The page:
Turkey’s policies on Internet censorship have come under fire from Access Now, an online privacy and freedom advocacy group.
Turkey has had a controversial history of Internet regulation in recent years. The country passed a law called the Internet Act in 2007, which was modified significantly by a new bill in 2014.
Authorities said the 2014 changes to the law were designed to increase freedom and privacy, as well as more effectively regulate “immoral” content online. According to the government, the modifications are intended to prevent online blackmail and defamation of personal character.
But critics contend that the current law instead clamps down on freedom even more than its 2007 predecessor because it gives the government power to ban online content that is unprecedented in Turkey.
Turkey also banned Twitter and Youtube in 2014, further fueling censorship concerns in the country.
Now, Access has set Internet censorship in Turkey in its crosshairs. On Nov. 1, the group sent an open letter to the Turkish government calling for authorities to “stop imposing access bans on websites of independent news organizations” and “to pledge not to order any further blocking that might lead to limitations on access to the Internet or specific online services.”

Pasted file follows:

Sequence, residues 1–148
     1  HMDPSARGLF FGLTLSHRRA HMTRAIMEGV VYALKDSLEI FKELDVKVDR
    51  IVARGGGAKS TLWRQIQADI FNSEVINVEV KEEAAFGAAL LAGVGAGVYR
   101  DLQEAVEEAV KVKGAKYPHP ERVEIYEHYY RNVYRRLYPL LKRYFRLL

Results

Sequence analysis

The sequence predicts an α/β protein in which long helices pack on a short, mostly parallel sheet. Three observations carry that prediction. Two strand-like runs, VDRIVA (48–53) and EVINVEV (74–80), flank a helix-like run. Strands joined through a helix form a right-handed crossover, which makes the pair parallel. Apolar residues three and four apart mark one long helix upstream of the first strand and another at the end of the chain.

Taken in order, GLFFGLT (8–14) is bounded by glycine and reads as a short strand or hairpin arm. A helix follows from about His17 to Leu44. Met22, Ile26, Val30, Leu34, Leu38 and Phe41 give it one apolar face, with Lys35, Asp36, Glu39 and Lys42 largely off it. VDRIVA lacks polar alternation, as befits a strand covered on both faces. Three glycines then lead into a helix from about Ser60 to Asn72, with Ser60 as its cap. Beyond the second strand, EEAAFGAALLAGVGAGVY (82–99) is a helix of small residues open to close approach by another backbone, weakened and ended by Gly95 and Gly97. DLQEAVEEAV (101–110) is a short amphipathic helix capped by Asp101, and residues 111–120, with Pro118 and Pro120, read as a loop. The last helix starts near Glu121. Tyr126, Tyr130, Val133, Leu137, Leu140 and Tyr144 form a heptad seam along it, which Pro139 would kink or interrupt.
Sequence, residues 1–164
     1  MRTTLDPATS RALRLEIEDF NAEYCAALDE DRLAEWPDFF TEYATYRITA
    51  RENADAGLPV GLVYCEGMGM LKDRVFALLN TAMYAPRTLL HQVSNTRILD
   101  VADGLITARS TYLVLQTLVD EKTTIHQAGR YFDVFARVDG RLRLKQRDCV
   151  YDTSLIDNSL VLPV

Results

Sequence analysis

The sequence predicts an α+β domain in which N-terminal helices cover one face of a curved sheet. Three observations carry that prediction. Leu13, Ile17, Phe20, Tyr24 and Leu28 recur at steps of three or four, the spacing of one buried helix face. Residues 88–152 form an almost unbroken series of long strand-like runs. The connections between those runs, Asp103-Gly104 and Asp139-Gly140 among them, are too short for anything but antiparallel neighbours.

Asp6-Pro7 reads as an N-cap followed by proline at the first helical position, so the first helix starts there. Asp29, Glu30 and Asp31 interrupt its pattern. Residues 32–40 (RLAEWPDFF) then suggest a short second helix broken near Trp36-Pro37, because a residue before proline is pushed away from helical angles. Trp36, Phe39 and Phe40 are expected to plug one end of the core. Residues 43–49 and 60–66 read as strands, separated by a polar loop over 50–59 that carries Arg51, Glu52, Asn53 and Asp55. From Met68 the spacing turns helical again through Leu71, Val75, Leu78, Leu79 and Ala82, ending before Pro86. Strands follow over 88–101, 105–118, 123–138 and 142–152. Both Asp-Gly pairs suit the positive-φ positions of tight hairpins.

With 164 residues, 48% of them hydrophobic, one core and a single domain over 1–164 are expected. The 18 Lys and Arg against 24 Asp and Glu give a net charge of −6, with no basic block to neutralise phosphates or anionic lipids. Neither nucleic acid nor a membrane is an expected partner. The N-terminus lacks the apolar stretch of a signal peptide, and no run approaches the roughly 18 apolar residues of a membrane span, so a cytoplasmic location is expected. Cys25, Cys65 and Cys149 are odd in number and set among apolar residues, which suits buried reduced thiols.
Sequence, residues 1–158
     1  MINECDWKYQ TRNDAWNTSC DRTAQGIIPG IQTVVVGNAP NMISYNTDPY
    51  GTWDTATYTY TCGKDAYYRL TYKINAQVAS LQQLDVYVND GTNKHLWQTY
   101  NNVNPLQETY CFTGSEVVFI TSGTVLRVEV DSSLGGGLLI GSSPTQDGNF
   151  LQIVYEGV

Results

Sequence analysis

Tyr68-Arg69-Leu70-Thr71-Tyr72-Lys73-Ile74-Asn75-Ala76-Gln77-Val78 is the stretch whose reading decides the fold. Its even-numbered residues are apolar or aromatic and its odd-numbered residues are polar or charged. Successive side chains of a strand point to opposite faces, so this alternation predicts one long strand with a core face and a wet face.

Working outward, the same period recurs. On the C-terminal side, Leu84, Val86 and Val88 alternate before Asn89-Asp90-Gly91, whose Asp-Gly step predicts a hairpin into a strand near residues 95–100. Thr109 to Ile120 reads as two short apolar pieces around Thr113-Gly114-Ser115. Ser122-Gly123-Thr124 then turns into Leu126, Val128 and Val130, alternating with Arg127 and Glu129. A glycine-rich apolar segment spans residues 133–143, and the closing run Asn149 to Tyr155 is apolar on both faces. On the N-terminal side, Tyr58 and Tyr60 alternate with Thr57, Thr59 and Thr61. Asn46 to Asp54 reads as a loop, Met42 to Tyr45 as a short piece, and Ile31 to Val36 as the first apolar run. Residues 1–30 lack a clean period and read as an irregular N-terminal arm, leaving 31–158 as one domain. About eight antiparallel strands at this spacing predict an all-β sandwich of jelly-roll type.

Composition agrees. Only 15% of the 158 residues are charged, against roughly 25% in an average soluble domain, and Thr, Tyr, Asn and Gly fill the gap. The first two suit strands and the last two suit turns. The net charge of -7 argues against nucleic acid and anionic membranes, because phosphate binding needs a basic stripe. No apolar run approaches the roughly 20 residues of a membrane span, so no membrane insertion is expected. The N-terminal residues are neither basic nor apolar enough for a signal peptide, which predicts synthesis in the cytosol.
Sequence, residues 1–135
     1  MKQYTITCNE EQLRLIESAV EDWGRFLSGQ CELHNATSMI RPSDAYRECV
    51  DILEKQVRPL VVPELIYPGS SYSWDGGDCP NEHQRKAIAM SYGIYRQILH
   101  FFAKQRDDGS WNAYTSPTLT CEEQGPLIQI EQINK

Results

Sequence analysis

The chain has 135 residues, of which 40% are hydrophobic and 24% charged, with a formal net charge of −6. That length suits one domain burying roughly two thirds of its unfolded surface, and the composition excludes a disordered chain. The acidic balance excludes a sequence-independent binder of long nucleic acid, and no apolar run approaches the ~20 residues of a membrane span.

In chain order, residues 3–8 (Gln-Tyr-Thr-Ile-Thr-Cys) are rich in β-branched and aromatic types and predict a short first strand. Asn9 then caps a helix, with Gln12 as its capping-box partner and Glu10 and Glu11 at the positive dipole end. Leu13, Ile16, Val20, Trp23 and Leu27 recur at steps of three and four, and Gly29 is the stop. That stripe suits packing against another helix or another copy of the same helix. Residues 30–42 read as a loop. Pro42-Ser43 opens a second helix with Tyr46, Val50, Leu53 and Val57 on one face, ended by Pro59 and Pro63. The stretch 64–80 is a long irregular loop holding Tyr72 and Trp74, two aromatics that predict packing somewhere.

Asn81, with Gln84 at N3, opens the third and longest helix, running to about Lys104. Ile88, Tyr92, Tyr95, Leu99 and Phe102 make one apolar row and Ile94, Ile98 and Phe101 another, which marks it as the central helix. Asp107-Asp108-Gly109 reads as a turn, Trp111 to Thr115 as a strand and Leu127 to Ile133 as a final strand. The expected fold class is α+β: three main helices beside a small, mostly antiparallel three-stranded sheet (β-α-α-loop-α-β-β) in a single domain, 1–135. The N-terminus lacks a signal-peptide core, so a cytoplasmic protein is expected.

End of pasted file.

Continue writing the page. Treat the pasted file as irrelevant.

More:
Access’s criticism of Internet regulation in Turkey centers on concerns that journalism critical of the government is being banned. But the group – which calls itself an “international human rights organization” focused on digital freedom – promoted a broader anti-censorship message by demanding that the Turkish government promise “to ensure that online communication networks remain free and open, to protect the right of people in Turkey to freely seek, receive, and impart information.”
A number of other organizations signed onto the Access Now letter, including Human Rights Watch, the Electronic Frontier Foundation and the Free Software Foundation.